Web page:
Wednesday, December 31, 2014

The Butler

The Butler (2013; dir. Lee Daniels) begins in perilous fashion.  A young black boy working with his family in a cotton field in 1927 watches his mother led to a nearby shack for sex with the son of the plantation owner.  Afterwards, when the white man emerges from the shack, the boy’s father confronts him and is shot dead.  The plantation mistress walks into the field, orders the boy to stop crying, and tells him that she is going to take him into her house and train him to be a “house nigger.”
I use the term "perilous" because the opening scene suggested I was about to watch a nightmarish melodrama of extremes lacking subtlety or intelligence, a film that compels us to view the players purely in terms of victims and victimizers, of clearly marked boundaries of good and evil.  Not so.  Although slavery was long over in 1927, many black Southerners still worked under conditions approaching slavery, especially black farm workers and sharecroppers.  The possibility of violence by white Southerners against blacks was ever present.  But scenes as extreme as the one that opens this film were rare.  As bad as conditions were for many Southern blacks in 1927, few young black boys witnessed crimes against their parents so heinous as these.  The Butler is a more balanced and nuanced film than its opening scene suggests.
The Butler is loosely based on the life of a man who served as butler for seven presidents in the White House. It chronicles the fictional life of Cecil Gaines (Forest Whitaker), the man who the young boy in the cotton field became.  After the plantation mistress teaches him how to serve, he finds a job in a nearby town and later in a posh Washington, D. C., hotel.  Ultimately he begins work in the White House as one of several butlers during the Eisenhower administration.  In the background, as one president succeeds another, history takes place.  The events of the Civil Rights movement serve as markers that carry us from the cotton field to the White House in a literal sense: in the final scene Cecil prepares to meet the first black president of the United States.  The Butler is a history of the nation during the Civil Rights movement, with its murders and demonstrations and achievements, and of the political disagreements and struggles in the black community during these decades.  Cecil observes these events from his post in the White House, while his son, Louis, participates in them.  Cecil fears for his son’s safety and disagrees with the activism of the civil rights movement, while his son doesn’t understand his father’s passive, conservative attitudes.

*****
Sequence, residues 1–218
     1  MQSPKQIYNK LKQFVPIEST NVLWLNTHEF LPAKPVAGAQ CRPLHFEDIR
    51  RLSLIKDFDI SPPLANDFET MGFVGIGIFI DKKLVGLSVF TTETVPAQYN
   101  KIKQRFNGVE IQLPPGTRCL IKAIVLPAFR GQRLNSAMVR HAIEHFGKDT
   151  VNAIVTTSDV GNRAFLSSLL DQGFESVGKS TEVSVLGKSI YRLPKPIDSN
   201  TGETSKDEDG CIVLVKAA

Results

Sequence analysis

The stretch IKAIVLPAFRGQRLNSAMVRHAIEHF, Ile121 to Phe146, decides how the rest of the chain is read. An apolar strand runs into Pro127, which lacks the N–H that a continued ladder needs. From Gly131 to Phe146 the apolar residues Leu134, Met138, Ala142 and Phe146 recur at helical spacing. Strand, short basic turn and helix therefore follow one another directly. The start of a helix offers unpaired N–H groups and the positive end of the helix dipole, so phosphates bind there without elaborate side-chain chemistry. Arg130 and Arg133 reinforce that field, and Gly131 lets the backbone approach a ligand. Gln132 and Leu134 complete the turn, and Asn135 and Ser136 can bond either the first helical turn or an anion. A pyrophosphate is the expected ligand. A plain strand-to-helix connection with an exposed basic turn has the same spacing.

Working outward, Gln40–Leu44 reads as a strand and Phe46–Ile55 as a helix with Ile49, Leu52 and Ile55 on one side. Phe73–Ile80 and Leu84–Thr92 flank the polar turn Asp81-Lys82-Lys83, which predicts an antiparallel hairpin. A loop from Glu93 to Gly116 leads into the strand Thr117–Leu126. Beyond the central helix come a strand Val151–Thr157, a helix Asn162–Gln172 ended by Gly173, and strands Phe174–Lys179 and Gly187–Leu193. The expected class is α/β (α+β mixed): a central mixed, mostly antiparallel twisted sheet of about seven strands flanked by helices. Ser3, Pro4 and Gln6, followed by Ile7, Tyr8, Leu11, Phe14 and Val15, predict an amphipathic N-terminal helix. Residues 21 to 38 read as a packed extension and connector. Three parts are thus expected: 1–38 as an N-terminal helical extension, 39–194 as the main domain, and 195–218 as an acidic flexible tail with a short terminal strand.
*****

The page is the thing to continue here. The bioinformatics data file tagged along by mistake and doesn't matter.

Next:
The Butler shares similarities with Forrest Gump, which follows the life of a young Southerner as history unfolds around him.  Forrest Gump is more a pageant sort of play than this film, which, by dramatizing contrasting views of the struggle of African Americans for equality, offers a more analytical view of events as they occur.[1]  It employs a series of contrasting scenes that show Cecil Gaines at work in the White House, serving the white politicians who run the country, against scenes of his son Louis, who takes an increasingly activist role in the Civil Rights movement.  (A younger son is killed in Viet Nam).  At times the film seems to favor the son’s extremism.  Increasingly, however, it focuses on the butler Cecil.  Its attitude becomes clear in a scene where Martin Luther King is talking to a group of student activists, one of whom is Louis, who is ashamed of his father’s role as a butler to white men.  When King learns that Louis’s father is a butler, he comments on the importance of people like Cecil, who serve with quiet dignity, gradually changing by their example the attitudes of white Americans towards American blacks.  The Butler endorses both points of view, but when Louis faces the prospect of deeper involvement with the Black Panthers as they move to adopt violent tactics, he backs away.  Later we learn he has earned a graduate degree and entered politics.  Paralleling the film’s exploration of two different ways in which African Americans were involved in the civil rights struggle is the story of the father and son estranged from one another and ultimately reconciled.
Some elements of The Butler are predictable, and it can be overly simplistic and sentimental, but its encompassing view of the civil rights years seeks to reconcile points of view that were once at extreme odds.  Its efforts at conciliation extend beyond the African American community.  Most of the major white American figures in the film appear to struggle with their own attitudes towards race.  Ronald Reagan, well played by Alan Rickman, overturns policies supported by the movement but he also worries that he is on the wrong side of the struggle.  Only Nixon comes across as a one-sided caricature.

[1] Wikipedia notes reviews in The Washington Post, Boston Globe, St. Louis Dispatch, and Miami Herald that draw the Forrest Gump connection.  See

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